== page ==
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How to engrave dog tags

Updated July 19, 2017

Dog-tag engraving kiosks charge a pretty penny for making a personalised tag for your furry, four-legged buddy. Furthermore, the design options and texts are limited, so your dog ends up with a tag that looks like any other dog's tag: boring. To make Fluffy a tag that stands out, a basic dog tag from pet supply shop and an engraving tool are the only things needed to dress up a boring collar.

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  1. Rinse the dog tag to clear it of any debris. Debris will cause the engraving tool to unintentionally skip portions you plan to engrave, creating a messy finish.

  2. Dry the tag completely. You do not want the tag to slip around as you engrave it. A slippery surface may make the Dremel slip, creating unwanted details if you are creating text or an image.

  3. Turn the Dremel engraver on and let it run for 30 seconds so you can get used to the feel of the tool and the engraving tip speed. If you have an old piece of glass or a small piece of sheet metal, practice writing and making a few designs with the Dremel until you get used to handling the tool. The engraving tool creates fine lines, grooves and even holes depending on the pressure you use and the angle you hold it. Practice with different strokes and angles until you find a comfortable position in which to hold the tool and make the lines you desire.

  4. Etch the design or text you want on the dog tag slowly to prevent the Dremel from slipping. If you are making a design, use a stencil to help make your lines more precise. If you are creating your text or design freehand, begin with a light pressure and, if necessary, go over the etching again and again until you reach the desired boldness.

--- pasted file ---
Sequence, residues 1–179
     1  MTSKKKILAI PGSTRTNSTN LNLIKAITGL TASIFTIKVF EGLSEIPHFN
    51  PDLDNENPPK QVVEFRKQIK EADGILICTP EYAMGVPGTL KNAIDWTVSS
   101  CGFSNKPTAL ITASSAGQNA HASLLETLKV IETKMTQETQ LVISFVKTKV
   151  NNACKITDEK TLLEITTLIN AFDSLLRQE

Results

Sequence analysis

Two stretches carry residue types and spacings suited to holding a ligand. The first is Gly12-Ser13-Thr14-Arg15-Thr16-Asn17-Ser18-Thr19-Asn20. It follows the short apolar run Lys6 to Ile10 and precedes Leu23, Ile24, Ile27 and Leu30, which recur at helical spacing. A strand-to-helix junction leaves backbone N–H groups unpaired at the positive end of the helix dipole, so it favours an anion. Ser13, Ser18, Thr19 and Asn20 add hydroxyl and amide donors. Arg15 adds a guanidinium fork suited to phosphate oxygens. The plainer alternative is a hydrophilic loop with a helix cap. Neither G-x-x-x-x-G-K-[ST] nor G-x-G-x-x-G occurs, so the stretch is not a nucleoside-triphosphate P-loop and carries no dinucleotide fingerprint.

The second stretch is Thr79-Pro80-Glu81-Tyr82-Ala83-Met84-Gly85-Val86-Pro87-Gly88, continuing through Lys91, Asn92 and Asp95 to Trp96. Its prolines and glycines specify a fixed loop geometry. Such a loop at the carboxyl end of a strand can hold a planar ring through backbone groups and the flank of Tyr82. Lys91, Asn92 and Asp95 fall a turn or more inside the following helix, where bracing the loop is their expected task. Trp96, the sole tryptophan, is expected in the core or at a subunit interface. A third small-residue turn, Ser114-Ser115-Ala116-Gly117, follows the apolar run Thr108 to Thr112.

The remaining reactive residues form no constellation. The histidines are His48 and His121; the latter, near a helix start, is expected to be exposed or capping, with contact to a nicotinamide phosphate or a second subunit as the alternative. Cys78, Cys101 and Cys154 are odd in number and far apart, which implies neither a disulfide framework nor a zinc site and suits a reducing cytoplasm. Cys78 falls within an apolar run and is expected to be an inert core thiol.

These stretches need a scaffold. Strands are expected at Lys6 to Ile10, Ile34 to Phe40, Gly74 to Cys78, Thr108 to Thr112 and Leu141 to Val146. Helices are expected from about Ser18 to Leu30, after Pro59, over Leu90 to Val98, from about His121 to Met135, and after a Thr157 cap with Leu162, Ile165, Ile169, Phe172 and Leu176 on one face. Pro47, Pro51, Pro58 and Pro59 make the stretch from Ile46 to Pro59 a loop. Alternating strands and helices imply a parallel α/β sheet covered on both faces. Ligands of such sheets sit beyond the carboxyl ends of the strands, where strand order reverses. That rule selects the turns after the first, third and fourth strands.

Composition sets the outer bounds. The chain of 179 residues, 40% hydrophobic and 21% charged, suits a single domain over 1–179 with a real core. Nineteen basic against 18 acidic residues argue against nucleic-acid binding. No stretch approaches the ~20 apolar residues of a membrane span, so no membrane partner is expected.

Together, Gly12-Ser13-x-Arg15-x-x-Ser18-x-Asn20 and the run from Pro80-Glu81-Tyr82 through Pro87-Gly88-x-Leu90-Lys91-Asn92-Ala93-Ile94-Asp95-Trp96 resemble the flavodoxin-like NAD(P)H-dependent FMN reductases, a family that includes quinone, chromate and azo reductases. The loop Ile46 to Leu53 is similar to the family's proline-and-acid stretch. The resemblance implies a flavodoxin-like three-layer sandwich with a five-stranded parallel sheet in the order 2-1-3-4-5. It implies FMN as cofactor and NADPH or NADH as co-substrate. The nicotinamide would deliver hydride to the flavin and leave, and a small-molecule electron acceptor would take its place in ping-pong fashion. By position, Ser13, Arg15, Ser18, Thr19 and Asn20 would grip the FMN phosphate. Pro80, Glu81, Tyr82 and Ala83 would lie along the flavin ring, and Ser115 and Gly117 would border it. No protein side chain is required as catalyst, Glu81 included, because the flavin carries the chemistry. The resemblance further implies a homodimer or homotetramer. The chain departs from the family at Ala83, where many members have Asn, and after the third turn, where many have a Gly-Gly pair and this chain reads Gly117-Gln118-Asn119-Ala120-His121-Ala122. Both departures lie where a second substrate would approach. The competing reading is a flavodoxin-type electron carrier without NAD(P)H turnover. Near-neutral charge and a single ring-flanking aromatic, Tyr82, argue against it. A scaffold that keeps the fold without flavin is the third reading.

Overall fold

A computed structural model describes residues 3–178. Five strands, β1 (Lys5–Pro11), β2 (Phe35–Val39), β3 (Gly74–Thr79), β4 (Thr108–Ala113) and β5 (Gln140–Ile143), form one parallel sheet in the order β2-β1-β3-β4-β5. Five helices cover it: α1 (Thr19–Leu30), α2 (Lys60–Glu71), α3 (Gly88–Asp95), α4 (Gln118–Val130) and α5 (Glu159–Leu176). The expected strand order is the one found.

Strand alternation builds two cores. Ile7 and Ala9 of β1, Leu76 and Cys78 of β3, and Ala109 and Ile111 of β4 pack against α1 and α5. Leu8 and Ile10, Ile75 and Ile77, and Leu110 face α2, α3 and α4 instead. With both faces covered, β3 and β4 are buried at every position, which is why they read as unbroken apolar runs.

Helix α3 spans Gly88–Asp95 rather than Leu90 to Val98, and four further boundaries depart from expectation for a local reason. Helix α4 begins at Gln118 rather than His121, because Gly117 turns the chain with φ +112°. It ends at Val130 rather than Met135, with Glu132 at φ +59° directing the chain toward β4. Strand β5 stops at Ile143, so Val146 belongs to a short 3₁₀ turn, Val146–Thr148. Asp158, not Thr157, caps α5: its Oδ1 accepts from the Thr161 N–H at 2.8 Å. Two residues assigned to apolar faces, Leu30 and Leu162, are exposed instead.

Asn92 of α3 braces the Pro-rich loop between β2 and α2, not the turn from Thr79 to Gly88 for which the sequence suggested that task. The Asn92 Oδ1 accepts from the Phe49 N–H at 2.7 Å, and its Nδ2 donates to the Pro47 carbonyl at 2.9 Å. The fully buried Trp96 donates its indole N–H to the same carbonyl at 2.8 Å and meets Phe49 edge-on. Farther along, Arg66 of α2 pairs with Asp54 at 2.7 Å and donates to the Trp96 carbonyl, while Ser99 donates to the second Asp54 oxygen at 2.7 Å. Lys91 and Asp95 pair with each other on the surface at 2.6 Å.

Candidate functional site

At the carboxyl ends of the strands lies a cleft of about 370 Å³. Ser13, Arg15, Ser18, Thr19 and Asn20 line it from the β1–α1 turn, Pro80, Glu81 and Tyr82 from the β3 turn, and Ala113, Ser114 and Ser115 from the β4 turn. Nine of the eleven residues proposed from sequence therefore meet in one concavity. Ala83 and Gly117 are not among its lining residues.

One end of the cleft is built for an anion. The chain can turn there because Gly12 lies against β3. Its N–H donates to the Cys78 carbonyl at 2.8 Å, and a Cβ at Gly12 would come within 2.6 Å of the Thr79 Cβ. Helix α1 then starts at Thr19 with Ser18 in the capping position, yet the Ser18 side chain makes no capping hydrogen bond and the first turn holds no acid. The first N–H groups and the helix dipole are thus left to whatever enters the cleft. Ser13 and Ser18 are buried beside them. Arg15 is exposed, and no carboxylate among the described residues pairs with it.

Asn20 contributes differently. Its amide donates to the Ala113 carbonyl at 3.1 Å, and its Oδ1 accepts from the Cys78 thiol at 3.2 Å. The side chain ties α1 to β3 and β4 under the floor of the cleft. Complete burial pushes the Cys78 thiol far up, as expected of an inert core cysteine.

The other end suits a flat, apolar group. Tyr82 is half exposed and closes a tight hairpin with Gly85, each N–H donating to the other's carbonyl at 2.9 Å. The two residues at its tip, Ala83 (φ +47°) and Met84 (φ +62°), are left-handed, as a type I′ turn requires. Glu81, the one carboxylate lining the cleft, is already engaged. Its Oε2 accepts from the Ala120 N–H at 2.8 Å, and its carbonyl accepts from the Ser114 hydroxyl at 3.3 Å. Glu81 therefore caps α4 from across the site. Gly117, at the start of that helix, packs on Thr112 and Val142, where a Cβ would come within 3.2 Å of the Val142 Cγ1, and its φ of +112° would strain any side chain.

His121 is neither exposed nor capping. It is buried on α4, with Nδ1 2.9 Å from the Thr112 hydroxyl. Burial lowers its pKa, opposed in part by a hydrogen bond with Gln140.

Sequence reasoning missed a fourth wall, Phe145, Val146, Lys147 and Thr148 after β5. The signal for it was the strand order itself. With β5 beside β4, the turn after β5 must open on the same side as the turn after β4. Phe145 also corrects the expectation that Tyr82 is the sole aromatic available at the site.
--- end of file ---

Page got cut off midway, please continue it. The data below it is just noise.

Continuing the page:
5. Rinse the tag once the etching is complete to remove any metal shavings on the tag. Metal shavings on the tag can be inhaled or ingested by a dog, which may cause breathing issues.

  6. Place the completed tag on the dog's collar and let the dog show it off.

  7. Tip

    Engrave your phone number and address on the back of your dog's tag so you can be alerted if your dog gets lost. Use thin pieces of tape to mark off areas of the tag if you want to create clean edges or a frame during the engraving process.


    The engraver has a tendency to get hot during use, so turn the tool off every few minutes to prevent overheating. The engraving tip can get dull after a lot of use. Keep extra tips handy if you plan on using the tool for multiple projects.

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Things You'll Need

  • Dog tags
  • Dremel engraver
  • Stencils (optional)
  • Water
  • Towel
  • Small piece of sheet metal or glass

About the Author

Yuurei Serai began writing in 2008 when she wrote an ebook for Experian. She has written for Purdue University's "Chronicle" newspaper as well as for various websites. She holds a Bachelor of Arts in English literature and a Master of Fine Arts in literature and composition from Purdue University. She has been teaching English and media arts since 2010.

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